Special Coverage

Greater L.A. Auto Show

Ford will roll out a stable of refreshed and modified pony cars at the Los Angeles Auto Show this week as it strives to keep the Mustang at the forefront of a competitive segment that includes the Chevrolet Camaro and Dodge Challenger.

While a couple of specialty Mustangs are set to debut, the changes to the core models – the 5.0L V-8 and 3.7L V-6 – likely are the cars that will appeal most to mainstream consumers and help Ford make headway in the segment.

The ’13 Mustang receives a number of design enhancements including a more aggressive grille, new hood and light-emitting-diode and high-intensity-discharge lighting. Auto makers increasingly are using the lighting technology to craft unique brand identities. With the new Mustang, LED “ropes” are used to form the marque’s familiar 3-bar taillights.

The taillights, which fire sequentially, are connected by a high-gloss black panel that Ford says unifies the rear and gives the car an upgraded look.

Upfront, high-intensity discharge headlamps come standard on both the V-6 and V-8 GT cars.

“The HID and LEDs really give the car a unique look during the day and at night,” Puneet Sahi, Mustang product marketing manager, tells WardsAuto. “With the signature lighting, we wanted to portray a family of Mustangs.”

In a unique lighting touch, the puddle lamps, which are mounted on the mirrors and beam down when the unlock button is activated, project an image of the iconic Mustang pony symbol. Sahi describes the customized lamps as a “surprise-and-delight” feature that should appeal to Mustang customers.

“The pony symbol goes to the passion the team has,” he says. “They are customers of the car and like to work on it and come up with creative solutions like that.”

New technologies carry into the cockpit, where Ford’s new Track Apps feature allows drivers to monitor their acceleration, g-force and braking on a 4.2-in. (10.6 cm) LCD screen. The auto maker’s Sync infotainment system comes standard on all Mustang models, as does a voice-activated navigation system with touch-screen display.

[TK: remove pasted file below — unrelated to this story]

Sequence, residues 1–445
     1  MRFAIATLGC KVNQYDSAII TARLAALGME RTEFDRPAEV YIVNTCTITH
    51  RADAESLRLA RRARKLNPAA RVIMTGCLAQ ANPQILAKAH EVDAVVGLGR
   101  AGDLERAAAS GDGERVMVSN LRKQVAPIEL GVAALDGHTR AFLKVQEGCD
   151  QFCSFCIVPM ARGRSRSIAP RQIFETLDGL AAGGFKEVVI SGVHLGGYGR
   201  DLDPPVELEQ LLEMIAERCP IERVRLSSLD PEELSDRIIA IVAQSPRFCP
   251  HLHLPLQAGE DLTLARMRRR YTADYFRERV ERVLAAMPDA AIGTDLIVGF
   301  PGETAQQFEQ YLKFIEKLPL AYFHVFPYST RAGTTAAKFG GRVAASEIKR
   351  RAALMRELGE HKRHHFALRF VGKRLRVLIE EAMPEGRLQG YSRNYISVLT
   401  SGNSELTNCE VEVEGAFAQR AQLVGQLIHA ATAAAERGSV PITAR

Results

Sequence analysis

Under the hood, the ’13 Mustang retains the 3.7L V-6 and 5.0L V-8 found in the up-level GT model. The new V-6 makes 305 hp and 280 lb.-ft. (379 Nm) of torque, while the V-8 delivers 420 hp and 390 lb.-ft. (538 Nm). The current-generation V-8 produces 402 hp.

Ford says it was able to add the extra horses through lessons learned during development of the 444-hp V-8 in the Mustang Boss 302, although it declines to describe the modifications. Sahi says about 60% of buyers opt for the V-6.

Those who purchase specialty Mustangs, such as the refreshed ’13 Boss 302 and Shelby GT500, are a different breed, he says. “They’re definitely people who are more into track use or more nostalgic with the Boss and its history. They are definitely enthusiasts, and we definitely have some collectors.”

The ’13 Boss 302 receives a number of visual enhancements including “School Bus Yellow” paint and “Sterling Gray” accents, and a hockey-stick graphics package, all nods to the Boss 302 of the 1970s.

Similar to the redesigned base-Mustang lineup, the Boss front end offers a more aggressive design and grille, combined with a new splitter and functional hood extractors. The model has HID headlamps and LED taillamps.

Mechanical upgrades include a beefed-up suspension, higher-rate coil springs, stiffer suspension bushings and a larger rear stabilizer bar.

The engine is the carryover 5.0L V-8 that produces 444 hp and 380 lb.-ft. (515 Nm) of torque and is mated to a short-throw 6-speed manual transmission.

Ford says the new ’13 Shelby GT500 features the most-powerful production V-8 in the world. The 5.8L supercharged mill produces 650 hp and 600 lb.-ft. (813 Nm) of torque and boasts a top speed in excess of 200 mph (322 km/h). In comparison, a NASCAR Busch Series car makes an estimated 600-650 hp.

“Engineers are excited about delivering 650 hp,” Sahi says. “It’s the holistic approach. Horsepower is part of the story, but so is overall performance.”

Ford says nearly every part of the powertrain has been optimized to handle the high horsepower, including a new supercharger, cross-drilled block and heads, updated camshaft profiles, new carbon-fiber driveshaft and upgraded clutch, transmission and axle.

“Significant aerodynamic work was done” to keep the car thoroughly planted at high rates of speed, Ford says, noting the front fascia and splitters also are modified to handle extreme loads.

“It might just seem like we’re putting a bigger engine into the car, but it’s been a balanced approach through and through,” says Jamal Hameedi, SVT chief engineer.

Pricing for all the new Mustangs will be announced close to their on-sale dates in spring 2012, Ford says.